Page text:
Sometimes -- I'm getting older -- sometimes that daily grind gets old. Yesterday is a perfect example. It was 99 degrees outside and we did our strength and conditioning outside. We were running some sprints with a weighted sled, and there were a couple of sprints where my heart rate went up into the 180s. And it was so hot, and it's humid here in Cincinnati, it was so hot and humid that when I was trying to get my breath back, there were a couple of times where it felt like I was going to pass out because the air wasn't there to breathe.
And sometimes when I'm driving to these workouts, I'm like, "Why do I do this to myself every day?" Because I love training, but training to that level, you know, it gets harder and harder to motivate yourself for that. But it's what I love doing. I can't think of anything else I'd rather do. So I do it.
I have a group of friends that are really pushing me and encouraging me to do public speaking. I've never been much of a public speaker, and that's not something that I have ever wanted to pursue, for sure, but it seems that I'm probably not going to get through my lifetime without at least doing a little bit of some public speaking. So we'll see.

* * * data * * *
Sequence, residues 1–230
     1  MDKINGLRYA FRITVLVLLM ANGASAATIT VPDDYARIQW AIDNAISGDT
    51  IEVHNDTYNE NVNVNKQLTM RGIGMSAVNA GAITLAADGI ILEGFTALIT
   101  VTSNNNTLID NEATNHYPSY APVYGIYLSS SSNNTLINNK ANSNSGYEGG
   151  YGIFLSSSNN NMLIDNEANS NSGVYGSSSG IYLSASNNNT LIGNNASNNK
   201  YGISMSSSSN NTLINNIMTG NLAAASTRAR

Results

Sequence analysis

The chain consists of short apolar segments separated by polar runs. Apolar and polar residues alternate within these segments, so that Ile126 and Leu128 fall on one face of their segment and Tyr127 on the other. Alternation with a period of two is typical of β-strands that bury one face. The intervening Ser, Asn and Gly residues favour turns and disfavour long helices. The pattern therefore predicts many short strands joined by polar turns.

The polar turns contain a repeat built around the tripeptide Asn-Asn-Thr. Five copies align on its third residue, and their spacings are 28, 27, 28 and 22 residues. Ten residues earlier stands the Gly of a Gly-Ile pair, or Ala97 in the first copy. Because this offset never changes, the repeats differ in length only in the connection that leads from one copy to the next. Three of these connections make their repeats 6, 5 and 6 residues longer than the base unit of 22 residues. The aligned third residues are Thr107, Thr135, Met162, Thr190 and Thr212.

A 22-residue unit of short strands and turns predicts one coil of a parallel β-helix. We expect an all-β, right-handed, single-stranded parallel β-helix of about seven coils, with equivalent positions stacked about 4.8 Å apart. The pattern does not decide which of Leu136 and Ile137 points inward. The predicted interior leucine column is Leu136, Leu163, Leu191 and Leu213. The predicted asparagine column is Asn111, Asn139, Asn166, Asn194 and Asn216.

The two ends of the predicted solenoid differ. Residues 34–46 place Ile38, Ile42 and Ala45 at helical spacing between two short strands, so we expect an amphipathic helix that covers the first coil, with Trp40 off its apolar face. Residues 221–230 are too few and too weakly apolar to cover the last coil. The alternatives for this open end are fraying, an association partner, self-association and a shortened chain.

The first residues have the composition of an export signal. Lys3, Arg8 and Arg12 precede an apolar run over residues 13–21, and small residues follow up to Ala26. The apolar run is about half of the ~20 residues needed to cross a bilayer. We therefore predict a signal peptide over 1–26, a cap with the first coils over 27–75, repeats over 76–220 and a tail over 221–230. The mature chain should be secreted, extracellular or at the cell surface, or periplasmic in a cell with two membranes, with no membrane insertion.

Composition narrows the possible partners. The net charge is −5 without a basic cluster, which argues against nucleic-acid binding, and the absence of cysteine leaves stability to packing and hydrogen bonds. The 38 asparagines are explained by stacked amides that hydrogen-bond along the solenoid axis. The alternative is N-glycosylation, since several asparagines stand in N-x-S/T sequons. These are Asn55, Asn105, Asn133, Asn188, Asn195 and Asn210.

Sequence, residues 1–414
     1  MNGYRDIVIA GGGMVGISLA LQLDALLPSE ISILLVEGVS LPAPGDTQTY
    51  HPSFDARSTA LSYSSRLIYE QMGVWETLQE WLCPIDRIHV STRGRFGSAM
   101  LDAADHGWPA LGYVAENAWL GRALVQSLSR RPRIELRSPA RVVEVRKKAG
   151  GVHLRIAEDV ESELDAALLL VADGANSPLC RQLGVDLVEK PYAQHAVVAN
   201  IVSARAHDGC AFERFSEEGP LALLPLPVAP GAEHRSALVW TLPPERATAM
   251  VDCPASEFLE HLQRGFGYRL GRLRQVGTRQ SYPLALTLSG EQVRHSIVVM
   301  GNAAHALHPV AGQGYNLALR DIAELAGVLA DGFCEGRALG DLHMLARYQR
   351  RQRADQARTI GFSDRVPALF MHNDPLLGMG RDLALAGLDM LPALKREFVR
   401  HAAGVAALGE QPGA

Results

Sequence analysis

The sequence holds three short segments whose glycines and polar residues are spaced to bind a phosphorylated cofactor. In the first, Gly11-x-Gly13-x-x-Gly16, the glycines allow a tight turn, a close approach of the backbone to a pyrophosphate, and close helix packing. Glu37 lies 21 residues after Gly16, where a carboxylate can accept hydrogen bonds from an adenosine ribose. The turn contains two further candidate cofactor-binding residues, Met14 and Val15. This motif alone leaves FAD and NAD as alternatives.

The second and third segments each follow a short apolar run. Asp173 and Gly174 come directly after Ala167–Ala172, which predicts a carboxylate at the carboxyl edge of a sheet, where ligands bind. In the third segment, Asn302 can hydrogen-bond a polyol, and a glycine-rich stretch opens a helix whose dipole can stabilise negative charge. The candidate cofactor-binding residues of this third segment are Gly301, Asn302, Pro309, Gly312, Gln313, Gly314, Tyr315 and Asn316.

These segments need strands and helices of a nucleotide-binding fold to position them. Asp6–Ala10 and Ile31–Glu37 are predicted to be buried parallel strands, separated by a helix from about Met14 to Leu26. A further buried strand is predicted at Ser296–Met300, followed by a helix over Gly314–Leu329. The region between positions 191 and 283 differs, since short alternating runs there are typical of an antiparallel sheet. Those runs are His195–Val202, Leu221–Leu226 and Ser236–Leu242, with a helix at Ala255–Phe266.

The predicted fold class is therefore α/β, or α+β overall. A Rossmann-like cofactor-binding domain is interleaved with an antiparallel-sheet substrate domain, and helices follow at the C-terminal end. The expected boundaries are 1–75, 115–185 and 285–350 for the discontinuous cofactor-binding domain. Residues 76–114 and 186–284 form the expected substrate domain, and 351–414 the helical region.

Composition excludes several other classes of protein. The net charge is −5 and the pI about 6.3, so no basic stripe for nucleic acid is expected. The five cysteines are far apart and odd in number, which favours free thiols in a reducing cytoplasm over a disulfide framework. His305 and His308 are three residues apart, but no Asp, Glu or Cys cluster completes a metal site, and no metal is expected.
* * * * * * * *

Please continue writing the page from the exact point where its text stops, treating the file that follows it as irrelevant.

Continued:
Fortunately for me, I have a college degree and that helps me with my communication skills. I do fairly well in front of a camera, so I have some options for sure. I haven't really given thought as to if -- if, for example, if today I found out that I could never ever fight again, I'm not sure what I would do. I'm not sure what I would do tomorrow for a job.
Going to fan expos and going to fights and preparing for fights and all that kind of stuff and then building in time to film in between that, it can be very tricky to manage all that kind of stuff. We've had some opportunities in the past on things that we've had to basically pass up on due to some conflicts, schedules and all those kind of things, but yeah, there are possibilities for things that we have in the future.